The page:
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The Kalidas Smarak at Ramtek

Kālidāsa (Devanāgarī: कालिदास) was a Sanskrit poet and dramatist, his title Kavikulaguru (Preceptor of All Poets) bearing testimony to his stature. Known to be an ardent worshipper of Shiva, he wrote his plays and poetry largely based around Hindu mythology and philosophy. His name means, literally, "Kali's servant." His life cannot be dated with precision, but most likely falls within the Gupta period, probably in the 4th or 5th century.


  • अनुभवति हि मूर्ध्ना पादपस्तीव्रमुष्णं ।
    शमयति परितापं छायया संश्रितानाम् ॥
    • The tree bears the intense heat on its head while it lessens the heat for those who take shelter under it.
  • स्रजमपि शिरस्यन्धः क्षिप्तं धुनोत्यहिशंकया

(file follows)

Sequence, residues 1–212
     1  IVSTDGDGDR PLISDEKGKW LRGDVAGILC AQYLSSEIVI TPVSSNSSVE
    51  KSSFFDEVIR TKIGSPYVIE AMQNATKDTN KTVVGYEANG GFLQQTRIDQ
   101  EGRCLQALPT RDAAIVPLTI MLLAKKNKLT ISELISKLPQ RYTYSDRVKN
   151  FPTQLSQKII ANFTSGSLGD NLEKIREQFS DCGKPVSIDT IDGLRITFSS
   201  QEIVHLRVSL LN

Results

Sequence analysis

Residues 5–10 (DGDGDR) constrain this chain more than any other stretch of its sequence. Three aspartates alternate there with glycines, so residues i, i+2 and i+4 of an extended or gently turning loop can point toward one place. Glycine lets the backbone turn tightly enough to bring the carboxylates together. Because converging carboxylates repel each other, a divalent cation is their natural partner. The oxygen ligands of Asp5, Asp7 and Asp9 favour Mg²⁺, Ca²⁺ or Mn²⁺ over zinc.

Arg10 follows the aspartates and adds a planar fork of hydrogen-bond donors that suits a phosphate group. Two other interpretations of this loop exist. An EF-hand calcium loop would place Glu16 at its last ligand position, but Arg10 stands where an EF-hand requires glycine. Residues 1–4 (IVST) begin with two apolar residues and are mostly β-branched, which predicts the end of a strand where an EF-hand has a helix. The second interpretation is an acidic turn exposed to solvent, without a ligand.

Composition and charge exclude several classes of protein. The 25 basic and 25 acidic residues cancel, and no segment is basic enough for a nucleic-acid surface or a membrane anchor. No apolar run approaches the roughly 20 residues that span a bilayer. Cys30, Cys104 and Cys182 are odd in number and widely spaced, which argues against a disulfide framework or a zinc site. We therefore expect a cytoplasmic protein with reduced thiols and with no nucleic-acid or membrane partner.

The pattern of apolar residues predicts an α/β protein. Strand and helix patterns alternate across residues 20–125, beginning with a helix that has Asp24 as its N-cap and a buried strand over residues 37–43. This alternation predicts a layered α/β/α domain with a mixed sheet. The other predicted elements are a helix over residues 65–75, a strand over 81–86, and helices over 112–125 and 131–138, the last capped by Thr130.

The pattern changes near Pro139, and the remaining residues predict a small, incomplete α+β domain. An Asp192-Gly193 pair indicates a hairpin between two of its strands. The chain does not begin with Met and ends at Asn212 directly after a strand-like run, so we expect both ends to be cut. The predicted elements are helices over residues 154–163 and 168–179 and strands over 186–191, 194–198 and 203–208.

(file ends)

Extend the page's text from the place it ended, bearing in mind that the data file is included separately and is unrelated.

• One who is blind throws away even a garland of flower placed on his head, thinking it is a snake.
  • न रत्नमन्विष्यति मृग्यते हि तत्
    • A jewel is sought after and has not to seek.
      • Kumarasambhava, Canto V, 45; translated by M. R. Kale


  • Listen to the Exhortation of the Dawn!
    Look to this Day!
    For it is Life, the very Life of Life.
    In its brief Course lie all the
    Varieties and Realities of your Existence:
    The Bliss of Growth,
    The Glory of Action,
    The Splendour of Beauty;
    For Yesterday is but a Dream
    And Tomorrow is only a Vision;
    But Today well lived makes
    Every Yesterday a Dream of Happiness,
    And every Tomorrow a Vision of Hope.
    Look well therefore to this Day!
    Such is the Salutation of the Dawn!

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